This is the final element in our health and safety management system, and it takes us to the point where we can begin a new cycle of improvement for the coming period. But before we do this we must make an assessment of our performance thus far so that we can identify our strengths and weaknesses, learn from them, and set targets for the future.
The review is an examination of the experiences gained whilst implementing the management system. This means that we have to provide mechanisms by which people can feed back these experiences, and these may take forms such as feedback sessions, written reports, and health and safety committee meetings. In short, the review takes the data and information gathered at the monitoring stage (the previous stage in the management system) and interprets it in order to decide on any necessary improvements.
In establishing exactly what it is that should be reviewed, we need to consider a range of issues including, policies and procedures, working methods, machinery and equipment, and risk control measures. The key question that a review should seek to answer is, how well did these things perform? Once we have the answer to this question we can decide how things might be improved. We rarely get things right first time, but unless we stop to assess our performance, we risk blundering on, using systems and hardware that do not achieve what we hoped they would. This is wasteful of time and money, and may well be dangerous!
The requirement to carry out a review should be written in to the health and safety policy, together with a clear statement of who will be responsible for it. Very senior managers should require those who have been given the delegated responsibility, to submit regular reports on their reviews; once a quarter for example. The nature and depth of each review should be governed by the level of risk present in the organisation. For example, high risk industries such as petro-chemical, gas, and construction should make provision for frequent, stringent documented reviews. All reviews must include details of any remedial action required, together with timescales for completion and checking. It should be made clear exactly who will ensure that this remedial action is carried out, and in this way the review is more likely to yield results.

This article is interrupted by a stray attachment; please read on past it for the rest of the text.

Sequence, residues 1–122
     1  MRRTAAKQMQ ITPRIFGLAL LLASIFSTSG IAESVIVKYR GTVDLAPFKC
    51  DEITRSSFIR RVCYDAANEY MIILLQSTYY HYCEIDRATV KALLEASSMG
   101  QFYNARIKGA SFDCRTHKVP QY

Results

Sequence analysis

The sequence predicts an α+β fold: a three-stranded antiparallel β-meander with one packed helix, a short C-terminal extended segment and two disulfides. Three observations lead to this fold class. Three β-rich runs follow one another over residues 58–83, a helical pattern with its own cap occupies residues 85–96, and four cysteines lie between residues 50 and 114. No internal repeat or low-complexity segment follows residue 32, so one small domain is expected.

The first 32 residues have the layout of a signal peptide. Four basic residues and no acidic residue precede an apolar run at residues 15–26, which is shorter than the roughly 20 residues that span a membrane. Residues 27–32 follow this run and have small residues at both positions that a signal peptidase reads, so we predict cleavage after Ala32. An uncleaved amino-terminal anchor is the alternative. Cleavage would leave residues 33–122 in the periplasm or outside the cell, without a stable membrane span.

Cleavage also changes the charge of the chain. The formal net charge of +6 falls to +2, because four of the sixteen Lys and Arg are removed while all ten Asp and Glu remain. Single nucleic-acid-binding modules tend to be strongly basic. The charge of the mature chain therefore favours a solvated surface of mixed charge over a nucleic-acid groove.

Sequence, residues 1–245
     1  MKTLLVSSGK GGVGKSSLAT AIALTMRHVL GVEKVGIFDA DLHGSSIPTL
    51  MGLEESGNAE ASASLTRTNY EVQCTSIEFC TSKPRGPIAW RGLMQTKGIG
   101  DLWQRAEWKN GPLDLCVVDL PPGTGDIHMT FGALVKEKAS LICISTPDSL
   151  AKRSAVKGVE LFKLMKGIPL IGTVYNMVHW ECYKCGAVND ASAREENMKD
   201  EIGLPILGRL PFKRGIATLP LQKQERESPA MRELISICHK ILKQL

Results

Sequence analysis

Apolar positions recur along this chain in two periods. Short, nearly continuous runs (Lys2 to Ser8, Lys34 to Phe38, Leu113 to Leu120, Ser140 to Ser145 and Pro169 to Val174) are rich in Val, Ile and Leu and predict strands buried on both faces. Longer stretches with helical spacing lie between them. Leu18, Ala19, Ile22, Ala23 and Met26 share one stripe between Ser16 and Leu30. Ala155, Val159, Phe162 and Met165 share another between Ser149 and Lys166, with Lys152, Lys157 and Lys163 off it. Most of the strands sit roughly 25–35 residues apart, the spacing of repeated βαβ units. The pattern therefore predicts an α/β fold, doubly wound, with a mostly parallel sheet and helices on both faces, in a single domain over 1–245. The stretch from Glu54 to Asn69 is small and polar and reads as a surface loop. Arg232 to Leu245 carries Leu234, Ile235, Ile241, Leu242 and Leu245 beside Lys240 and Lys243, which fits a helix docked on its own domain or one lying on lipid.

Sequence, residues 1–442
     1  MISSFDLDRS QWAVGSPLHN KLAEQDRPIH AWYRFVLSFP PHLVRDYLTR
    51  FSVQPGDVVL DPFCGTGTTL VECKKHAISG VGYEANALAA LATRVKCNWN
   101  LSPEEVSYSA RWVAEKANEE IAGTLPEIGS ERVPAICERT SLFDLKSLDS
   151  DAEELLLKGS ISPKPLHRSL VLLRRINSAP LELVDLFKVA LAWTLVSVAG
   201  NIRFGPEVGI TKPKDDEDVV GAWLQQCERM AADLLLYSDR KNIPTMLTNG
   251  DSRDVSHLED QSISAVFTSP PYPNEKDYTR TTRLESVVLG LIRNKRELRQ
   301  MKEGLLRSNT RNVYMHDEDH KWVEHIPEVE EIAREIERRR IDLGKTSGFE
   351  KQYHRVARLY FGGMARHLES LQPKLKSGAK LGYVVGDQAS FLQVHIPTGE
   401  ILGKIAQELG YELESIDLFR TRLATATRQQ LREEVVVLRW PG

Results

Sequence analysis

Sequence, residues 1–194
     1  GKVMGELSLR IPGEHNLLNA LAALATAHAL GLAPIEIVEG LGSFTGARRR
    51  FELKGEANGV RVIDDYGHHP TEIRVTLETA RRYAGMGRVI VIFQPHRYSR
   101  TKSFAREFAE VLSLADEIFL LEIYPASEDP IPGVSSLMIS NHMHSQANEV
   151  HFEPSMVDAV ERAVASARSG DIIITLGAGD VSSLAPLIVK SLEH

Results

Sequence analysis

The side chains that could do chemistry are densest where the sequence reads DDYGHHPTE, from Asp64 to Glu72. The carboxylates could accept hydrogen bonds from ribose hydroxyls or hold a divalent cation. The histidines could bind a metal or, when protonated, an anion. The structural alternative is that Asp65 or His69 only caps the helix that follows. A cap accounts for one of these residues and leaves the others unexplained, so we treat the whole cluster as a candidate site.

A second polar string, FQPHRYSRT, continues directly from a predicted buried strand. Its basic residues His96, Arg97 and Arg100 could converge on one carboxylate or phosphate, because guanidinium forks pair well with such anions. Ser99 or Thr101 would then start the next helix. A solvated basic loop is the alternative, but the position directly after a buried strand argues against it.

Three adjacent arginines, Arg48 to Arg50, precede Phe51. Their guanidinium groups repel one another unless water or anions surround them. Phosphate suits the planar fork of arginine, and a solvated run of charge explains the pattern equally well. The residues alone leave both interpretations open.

Health and safety audit
A health and safety audit is a tool for reviewing performance, which concentrates on the effectiveness of the management system. It is therefore different from inspections and tours, which examine the operational everyday detail of working conditions. An audit generally checks performance against an objective standard such as ISO 18001 or the UK Health and Safety Executive’s HS(G)65. This series of articles has outlined the elements that should be present in a management system, and what should be done at each stage. An audit would examine each of these in turn in order to check how well they have been implemented, and set targets for the future. Audits are generally based on a numeric scoring system that provides a score for each system element, and for the system as a whole. It therefore becomes quite simple to see where the organisation’s strengths and weaknesses lie, and to set improvement targets for the next period.
The audit is a long-established, tried and tested tool that business has used for many years. Stock and financial audits for example, are universally accepted as essential activities for any company. Audits are therefore familiar to most managers, and using a similar approach, health and safety audits should not present them with too many problems. Audits should not be used to seek to establish blame, but to help foster a culture of continual improvement, so that business becomes more efficient and everyone involved has a safer and healthier experience of their work.
Having completed a review, we have reached the end of the current management cycle, and we must now prepare for the next, beginning as always with implementing our stated policies and procedures. We then move stage by stage through each element of the system in the way that has been described in this series. The implementation of this process will help to make it clear both internally and externally, that the organisation regards health and safety as a serious issue. It will send a powerful message to staff, to the public, to enforcement agencies, and of course to potential clients, that the company is a well-run, efficient business that can be trusted. More and more contracts demand a demonstration of good health and safety management before they are let, and reviewing and auditing can provide evidence of this.
Article prepared by Mr Chris Hudson. Chris is a senior lecturer in occupational health and safety management at the University of Portsmouth in the UK.
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